ATHENS (Reuters) - The expected growth in Greece’s economy this year is at risk if the government can’t fulfill its deal with creditors, public finances worsen and reforms stall, the country’s central bank governor said on Thursday.
Greece last week narrowly averted a banking collapse by accepting a last-minute deal with the euro zone to extend its bailout by another four months, during which time it has to spell out reforms and negotiate with lenders on the next phase.
Saying the deal averted “dire consequences” for the economy, Bank of Greece Governor Yannis Stournaras urged the government to pursue structural reforms and quickly conclude a final agreement with creditors.
“We must pursue the negotiations in a spirit of cooperation and trust and promptly conclude a mutually beneficial final agreement with our partners,” Stournaras said in his annual report to be delivered at the bank’s shareholder meeting.
Greece returned to growth last year after a six-year recession that left one in four unemployed, slashed living standards and pushed up poverty.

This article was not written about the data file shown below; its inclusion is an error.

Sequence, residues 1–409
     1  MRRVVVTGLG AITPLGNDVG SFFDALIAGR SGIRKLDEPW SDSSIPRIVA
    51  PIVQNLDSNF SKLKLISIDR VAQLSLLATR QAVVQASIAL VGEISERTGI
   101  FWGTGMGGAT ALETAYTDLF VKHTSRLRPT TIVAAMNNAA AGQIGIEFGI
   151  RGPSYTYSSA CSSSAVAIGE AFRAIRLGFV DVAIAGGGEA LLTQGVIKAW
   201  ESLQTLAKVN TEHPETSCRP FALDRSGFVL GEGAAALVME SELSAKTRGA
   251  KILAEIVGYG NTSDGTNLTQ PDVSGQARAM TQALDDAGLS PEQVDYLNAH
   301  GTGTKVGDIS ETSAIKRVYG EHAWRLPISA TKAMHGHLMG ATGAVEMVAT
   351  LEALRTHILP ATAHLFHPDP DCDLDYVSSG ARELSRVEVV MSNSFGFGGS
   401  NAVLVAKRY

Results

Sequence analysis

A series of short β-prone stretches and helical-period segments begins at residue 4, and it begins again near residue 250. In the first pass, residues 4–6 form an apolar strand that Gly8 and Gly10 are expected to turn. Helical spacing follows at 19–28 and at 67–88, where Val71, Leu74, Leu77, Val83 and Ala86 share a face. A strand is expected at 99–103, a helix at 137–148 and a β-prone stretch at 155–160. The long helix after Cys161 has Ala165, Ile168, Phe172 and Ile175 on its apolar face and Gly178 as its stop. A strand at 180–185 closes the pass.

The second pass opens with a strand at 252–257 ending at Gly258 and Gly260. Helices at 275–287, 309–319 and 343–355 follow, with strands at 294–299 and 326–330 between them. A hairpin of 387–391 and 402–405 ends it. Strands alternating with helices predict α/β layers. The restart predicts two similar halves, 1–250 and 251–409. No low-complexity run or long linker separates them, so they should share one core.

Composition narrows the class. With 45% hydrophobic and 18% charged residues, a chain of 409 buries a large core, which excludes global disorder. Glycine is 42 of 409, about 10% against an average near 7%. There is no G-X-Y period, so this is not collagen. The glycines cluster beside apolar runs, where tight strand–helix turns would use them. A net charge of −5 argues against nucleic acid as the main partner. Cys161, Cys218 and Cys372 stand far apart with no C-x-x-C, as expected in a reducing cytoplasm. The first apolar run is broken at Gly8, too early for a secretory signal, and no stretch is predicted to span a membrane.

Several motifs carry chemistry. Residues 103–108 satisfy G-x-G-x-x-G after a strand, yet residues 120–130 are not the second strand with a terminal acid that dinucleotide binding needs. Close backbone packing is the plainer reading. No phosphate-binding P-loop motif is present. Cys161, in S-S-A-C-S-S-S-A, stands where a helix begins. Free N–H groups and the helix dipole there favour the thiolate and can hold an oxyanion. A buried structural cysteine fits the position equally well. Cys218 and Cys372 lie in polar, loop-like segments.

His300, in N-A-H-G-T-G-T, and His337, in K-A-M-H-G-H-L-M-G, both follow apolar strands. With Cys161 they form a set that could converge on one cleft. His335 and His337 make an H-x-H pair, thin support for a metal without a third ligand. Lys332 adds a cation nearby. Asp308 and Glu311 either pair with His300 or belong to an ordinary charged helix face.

The central bank predicts the economy will growth again this year, with the recovery picking up next year. But Stournaras added that the government first needed to conclude talks with creditors and adopt a national growth policy that is focused on implementing pending structural reforms.
“These reforms are much smaller in scope and would entail low cost compared with the huge changes made in recent year at a very high price for Greek society,” he said. “If we, on our part, adhere to our commitments, our partners in turn can be expected to reiterate their decision... to consider further measures to alleviate Greece’s debt burden.”
He also urged the government to review tax exemptions and favorable tax treatment - which he said could allow for a lowering of tax rates overall - as well as complete major privatizations to boost investment.
Greek banks were well-capitalized but faced the twin challenges of a high level of bad loans and “considerable strain” on liquidity in the last few months and still have no access to money markets, Stournaras said.
He urged Greece to fulfill its agreement with the euro zone so that the European Central Bank would resume funding access for Greek banks that was cut off earlier this month.
Reporting by Deepa Babington and Karolina Tagaris Editing by Jeremy Gaunt.